How a Pajaro Middle School teacher and her students are navigating recovery after Pajaro River levee breach

Pajaro Middle teacher Ebelin Mata talks about teaching her students at Lakeview Middle, on March 27, 2023.
Pajaro Middle School teacher Ebelin Mata talks about how she’s adjusted to teaching her students at Lakeview Middle School in Watsonville. Her laptop shows a photo of a flooded classroom at Pajaro Middle School.
(Kevin Painchaud / Lookout Santa Cruz)

More than 400 students from Pajaro Middle School are now learning in makeshift classroom setups at Watsonville’s Lakeview Middle after their school flooded in March. “I find myself just feeling guilty that I’m trying to make the situation feel normal,” said Ebelin Mata, who teaches sixth and seventh graders. “When it’s not.”

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Ebelin Mata balanced two stacks of books in her arms as she strolled past several security guards and into the Santa Cruz County Fairgrounds on her way to visit some of her students.

The 25-year-old was about seven months into her first education job teaching language arts and social studies at Pajaro Middle School when the Pajaro River levee failed March 11, shuttering the school and forcing many of Mata’s more than 90 students in sixth and seventh grades to flee the community of Pajaro.

Since then, Mata has been coming to the fairgrounds to visit her students and bring clothing, books and shoes to the hundreds of families living at the shelter, many of them farmworkers who, like her, are originally from Mexico.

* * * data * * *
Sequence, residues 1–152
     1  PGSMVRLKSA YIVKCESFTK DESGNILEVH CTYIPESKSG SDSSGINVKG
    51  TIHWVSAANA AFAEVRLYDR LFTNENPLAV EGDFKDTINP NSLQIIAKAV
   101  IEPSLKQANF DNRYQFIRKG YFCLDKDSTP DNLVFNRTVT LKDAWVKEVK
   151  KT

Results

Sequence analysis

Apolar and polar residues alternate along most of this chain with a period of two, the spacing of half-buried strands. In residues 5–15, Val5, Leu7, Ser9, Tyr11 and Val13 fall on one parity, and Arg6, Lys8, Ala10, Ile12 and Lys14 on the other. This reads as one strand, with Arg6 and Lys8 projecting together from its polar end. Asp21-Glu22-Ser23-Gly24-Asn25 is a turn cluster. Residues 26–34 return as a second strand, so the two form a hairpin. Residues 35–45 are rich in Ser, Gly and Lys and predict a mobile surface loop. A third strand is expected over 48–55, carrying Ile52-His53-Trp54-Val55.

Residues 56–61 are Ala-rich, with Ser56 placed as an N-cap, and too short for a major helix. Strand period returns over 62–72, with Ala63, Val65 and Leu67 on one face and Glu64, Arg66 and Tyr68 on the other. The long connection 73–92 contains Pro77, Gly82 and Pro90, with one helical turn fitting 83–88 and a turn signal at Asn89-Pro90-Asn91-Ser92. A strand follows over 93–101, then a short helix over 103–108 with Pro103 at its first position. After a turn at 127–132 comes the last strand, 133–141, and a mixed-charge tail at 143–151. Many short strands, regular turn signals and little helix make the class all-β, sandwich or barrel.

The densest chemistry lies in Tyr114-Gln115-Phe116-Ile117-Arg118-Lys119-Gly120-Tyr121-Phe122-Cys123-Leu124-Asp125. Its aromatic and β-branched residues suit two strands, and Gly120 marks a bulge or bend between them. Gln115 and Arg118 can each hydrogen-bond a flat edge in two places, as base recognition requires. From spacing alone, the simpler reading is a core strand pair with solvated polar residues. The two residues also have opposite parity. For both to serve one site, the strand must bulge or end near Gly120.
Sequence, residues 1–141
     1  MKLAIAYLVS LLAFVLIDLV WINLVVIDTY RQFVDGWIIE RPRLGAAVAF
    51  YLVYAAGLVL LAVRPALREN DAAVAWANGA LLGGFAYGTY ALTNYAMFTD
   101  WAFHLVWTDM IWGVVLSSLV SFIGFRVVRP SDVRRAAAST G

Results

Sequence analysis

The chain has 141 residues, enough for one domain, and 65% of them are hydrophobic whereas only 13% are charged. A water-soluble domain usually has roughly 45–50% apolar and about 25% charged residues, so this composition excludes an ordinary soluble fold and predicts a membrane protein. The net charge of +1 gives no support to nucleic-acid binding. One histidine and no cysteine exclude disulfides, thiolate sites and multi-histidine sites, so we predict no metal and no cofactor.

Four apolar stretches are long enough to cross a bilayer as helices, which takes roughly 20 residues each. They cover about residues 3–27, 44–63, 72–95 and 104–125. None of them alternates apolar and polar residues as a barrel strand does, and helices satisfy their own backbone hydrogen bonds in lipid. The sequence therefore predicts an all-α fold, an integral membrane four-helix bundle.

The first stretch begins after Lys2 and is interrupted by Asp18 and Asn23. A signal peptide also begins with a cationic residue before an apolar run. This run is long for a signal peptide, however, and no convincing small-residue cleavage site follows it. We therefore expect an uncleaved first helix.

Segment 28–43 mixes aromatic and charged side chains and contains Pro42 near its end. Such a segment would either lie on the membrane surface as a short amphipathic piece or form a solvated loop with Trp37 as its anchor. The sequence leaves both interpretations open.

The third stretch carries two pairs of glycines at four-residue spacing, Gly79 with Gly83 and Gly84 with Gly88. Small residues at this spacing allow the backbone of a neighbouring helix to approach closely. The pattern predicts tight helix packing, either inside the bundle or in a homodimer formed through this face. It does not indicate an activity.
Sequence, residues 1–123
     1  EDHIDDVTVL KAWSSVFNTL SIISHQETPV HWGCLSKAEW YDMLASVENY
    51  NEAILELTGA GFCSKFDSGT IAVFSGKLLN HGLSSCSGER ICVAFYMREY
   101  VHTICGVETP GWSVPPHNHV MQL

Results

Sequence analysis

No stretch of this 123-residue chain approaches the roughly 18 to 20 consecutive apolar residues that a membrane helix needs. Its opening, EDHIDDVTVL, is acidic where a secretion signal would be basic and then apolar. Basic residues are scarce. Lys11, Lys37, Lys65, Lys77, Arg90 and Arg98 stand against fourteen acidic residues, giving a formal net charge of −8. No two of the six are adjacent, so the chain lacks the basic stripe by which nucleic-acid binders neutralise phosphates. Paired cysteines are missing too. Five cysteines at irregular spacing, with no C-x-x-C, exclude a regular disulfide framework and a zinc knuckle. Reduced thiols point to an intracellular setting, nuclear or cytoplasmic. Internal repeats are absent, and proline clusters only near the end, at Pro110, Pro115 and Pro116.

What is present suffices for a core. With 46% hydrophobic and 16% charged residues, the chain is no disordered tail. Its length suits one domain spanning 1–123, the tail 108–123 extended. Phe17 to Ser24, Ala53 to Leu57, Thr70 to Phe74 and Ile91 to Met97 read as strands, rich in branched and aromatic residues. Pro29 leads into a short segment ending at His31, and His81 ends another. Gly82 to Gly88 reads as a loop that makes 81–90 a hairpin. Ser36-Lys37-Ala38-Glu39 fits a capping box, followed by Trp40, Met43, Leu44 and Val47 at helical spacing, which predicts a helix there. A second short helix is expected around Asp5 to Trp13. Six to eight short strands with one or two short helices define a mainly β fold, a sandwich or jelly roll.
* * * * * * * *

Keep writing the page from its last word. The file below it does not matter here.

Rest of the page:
It’s the closest thing she can do to help her students feel normal in trying times. “I find myself just feeling guilty that I’m trying to make the situation feel normal,” she said. “When it’s not.”

Mata knows the community well. Born in Mexico, she spent one year of kindergarten in Watsonville before she returned to Mexico. She then came back to the area in fourth grade, attending Lakeview Middle, among several schools in the Pajaro Valley Unified School District. She graduated from Watsonville High School.

She remembers how difficult it was to return to the United States, learn English as a fourth grader and adjust to the culture. “The curriculum here didn’t reflect who I was, and who I am, as the curriculum in Mexico did,” she said. “I realized that I wanted to be that for somebody who looked like me. So that’s why I continued this path.”

Though Monterey County lifted an evacuation order for Pajaro on March 23, some of Mata’s students and their families returned to the community to find their homes uninhabitable or damaged and their bedding, clothes and furniture destroyed. If they’re lucky, they have family nearby with enough space to house them temporarily.

After flood, a school within a school

Weeks after the floods, Mata estimates that around 10 of her students remain at the shelter. Two others left to stay with family in Los Angeles and Napa, though they have since returned. Some students did classes remotely. One student logs in to do her assignments remotely from the fairgrounds shelter, and another student didn’t return until Thursday.

Chairs submerged in floodwater on the Pajaro Middle School campus after a March 11 levee breach flooded Pajaro.